Mon | Oct 16, 2017

‘Hot-dolla’ warning - $100 meals being sold on the streets of downtown Kingston could be dangerous

Published:Sunday | August 20, 2017 | 12:00 AMCorey Robinson
'Glen' getting his 'hot-dolla' meals ready for sale on the streets of downtown Kingston last week.
‘Glen’ seeking sales with his 'hot-dolla' meals in downtown Kingston.
1
2

Persons who may be tempted to purchase cooked food from roadside vendors in the market district in downtown Kingston in the lead-up to the reopening of school are being warned to be careful as they could be putting themselves at risk for food-borne illnesses.

"They have to be very clear about the preparation and sanitation of the things that they are purchasing. They have to be sure that there is no waste water, accumulated garbage, flies and so on," cautioned Everton Baker, director of health services in the Ministry of Health.

"We do carry out inspections but we don't do routine inspections, so we wouldn't capture every vendor in a specific period of time. We do periodic visits in targeted areas like schools, at some construction sites, and certain special events," added Baker.

He said at least 27 cases of food-borne illnesses were reported last year but that represents a fraction of the cases, as most person resort to home remedies whenever they contract any food-borne illnesses.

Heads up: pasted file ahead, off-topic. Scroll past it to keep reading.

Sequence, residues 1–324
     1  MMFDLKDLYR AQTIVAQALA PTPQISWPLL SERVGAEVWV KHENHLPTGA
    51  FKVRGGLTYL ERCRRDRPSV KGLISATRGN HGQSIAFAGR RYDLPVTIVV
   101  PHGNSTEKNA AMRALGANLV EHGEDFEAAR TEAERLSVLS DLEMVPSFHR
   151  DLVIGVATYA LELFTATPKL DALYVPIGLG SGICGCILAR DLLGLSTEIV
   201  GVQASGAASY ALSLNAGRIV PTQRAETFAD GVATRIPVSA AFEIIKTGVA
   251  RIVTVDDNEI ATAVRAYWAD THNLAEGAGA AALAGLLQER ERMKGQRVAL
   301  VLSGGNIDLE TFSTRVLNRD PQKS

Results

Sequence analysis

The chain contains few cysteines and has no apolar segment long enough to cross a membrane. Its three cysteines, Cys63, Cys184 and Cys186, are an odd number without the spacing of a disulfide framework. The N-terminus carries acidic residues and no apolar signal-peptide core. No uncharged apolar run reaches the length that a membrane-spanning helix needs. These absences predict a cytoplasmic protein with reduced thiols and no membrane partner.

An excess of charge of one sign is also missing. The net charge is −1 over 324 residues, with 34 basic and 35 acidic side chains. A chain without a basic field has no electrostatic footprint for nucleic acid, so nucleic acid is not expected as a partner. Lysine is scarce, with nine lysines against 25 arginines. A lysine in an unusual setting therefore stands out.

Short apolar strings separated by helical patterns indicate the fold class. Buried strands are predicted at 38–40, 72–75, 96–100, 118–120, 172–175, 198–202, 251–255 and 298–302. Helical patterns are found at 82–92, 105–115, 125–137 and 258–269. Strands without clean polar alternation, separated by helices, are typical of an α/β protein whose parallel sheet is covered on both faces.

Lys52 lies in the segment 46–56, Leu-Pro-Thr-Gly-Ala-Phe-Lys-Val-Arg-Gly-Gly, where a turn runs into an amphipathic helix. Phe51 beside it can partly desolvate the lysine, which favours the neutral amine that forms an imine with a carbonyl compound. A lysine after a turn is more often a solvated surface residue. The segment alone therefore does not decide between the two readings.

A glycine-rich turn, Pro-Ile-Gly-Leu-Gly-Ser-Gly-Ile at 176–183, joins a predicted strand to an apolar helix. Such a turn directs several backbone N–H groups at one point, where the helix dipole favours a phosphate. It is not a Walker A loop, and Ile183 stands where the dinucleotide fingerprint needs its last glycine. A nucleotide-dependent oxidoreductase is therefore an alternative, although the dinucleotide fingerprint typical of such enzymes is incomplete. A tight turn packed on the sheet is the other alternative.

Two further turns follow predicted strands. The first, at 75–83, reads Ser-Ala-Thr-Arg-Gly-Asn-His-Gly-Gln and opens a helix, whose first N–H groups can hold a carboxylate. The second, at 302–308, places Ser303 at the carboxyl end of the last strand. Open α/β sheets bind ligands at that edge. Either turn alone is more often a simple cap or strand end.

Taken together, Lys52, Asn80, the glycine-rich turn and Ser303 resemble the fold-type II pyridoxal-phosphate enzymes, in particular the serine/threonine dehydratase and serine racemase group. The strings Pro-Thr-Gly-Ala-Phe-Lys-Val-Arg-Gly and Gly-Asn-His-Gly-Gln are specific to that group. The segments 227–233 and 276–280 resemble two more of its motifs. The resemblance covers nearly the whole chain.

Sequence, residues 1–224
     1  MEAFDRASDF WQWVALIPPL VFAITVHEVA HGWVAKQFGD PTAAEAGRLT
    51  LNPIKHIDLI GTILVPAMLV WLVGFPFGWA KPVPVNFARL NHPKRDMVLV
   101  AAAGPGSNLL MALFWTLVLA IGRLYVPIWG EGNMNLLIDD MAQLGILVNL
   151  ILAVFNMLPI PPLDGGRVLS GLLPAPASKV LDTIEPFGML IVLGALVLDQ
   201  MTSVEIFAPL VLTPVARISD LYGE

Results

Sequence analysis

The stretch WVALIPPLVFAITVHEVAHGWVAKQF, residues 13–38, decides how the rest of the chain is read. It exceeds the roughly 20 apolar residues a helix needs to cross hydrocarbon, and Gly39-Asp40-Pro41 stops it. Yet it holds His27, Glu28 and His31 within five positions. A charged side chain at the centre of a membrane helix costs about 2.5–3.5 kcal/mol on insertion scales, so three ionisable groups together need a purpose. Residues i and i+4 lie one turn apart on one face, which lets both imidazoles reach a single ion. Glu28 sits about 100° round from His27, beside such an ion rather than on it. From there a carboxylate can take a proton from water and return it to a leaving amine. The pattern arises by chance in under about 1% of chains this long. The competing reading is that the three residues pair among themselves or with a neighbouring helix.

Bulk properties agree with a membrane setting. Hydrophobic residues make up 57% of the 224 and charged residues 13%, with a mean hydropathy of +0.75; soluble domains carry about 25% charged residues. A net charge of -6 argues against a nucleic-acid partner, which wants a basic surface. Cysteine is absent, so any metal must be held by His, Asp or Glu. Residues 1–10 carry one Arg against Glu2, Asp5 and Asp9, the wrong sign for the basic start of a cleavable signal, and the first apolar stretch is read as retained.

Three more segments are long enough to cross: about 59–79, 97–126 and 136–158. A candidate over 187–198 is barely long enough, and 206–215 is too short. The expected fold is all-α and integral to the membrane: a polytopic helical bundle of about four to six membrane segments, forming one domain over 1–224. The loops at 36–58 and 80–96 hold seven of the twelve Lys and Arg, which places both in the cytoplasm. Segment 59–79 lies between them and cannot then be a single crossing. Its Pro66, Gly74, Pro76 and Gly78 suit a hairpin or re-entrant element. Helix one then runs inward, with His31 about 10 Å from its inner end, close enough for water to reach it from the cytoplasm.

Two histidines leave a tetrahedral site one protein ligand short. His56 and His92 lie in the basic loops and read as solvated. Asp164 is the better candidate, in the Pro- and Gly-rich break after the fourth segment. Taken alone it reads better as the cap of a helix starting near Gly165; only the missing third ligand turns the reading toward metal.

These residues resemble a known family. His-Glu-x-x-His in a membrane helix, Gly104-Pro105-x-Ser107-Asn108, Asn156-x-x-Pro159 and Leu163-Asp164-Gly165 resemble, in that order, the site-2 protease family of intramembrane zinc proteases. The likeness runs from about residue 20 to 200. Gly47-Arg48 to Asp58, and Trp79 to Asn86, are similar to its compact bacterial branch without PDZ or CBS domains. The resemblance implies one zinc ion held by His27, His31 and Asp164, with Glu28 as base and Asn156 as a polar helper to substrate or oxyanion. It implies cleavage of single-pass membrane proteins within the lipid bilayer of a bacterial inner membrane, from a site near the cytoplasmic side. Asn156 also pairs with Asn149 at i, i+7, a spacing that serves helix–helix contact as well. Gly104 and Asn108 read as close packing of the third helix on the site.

Baker's comments came as several persons expressed concern about the safety of food being prepared by some roadside vendors in downtown Kingston, especially those dubbed 'hot-dolla' food sellers.

 

Significant increase

 

Dubbed 'hot-dolla' based on the usual $100 price tag that is attached to these cooked meals, the number of vendors has increased significantly in recent weeks.

The mainly male vendors can be seen every day at anytime, some in bibs and hats with trays or containers loaded with the cooked boxed meals.

Last week, while some shoppers and vendors gobbled up the hot-dolla lunches, others looked on in scorn, questioning the preparation of the meals, the relatively cheap price, and the length of time during which the food is carried around in the market district all day.

But one hot-dolla vendor who gave his name as Glen argued that persons need not have those fears.

"We deal with cleanliness straightforward. That is what we do. Everything up and ready," said Glen as he pushed his $100 meals on Beckford Street last Wednesday.

"We come out in the morning with breakfast and most of the times we sell off. Look, a lunch time now, me just come out back with 30 food, and see it almost done and me don't catch 15 minutes yet," added Glen.

He said on a good day he and his colleagues can make up to $30,000 from the trade.

According to Glen, he and some five other hot-dolla sellers are supplied by a nearby restaurant, and walking through downtown Kingston is just a means to getting the food to the customers rather than them having to go to the base.

"The whole a town a we customer 'cause we sell from here right (Beckford Street) go back around to Coronation Market," said Glen, as he reeled off the menu for the day.

"We have curry, brown stew, kidney, jack mackerel, chicken chop suey and veggi chunks. It take me 'bout half an hour to sell off this," he said, wrapping up a sale to a satisfied female customer.

corey.robinson@gleanerjm.com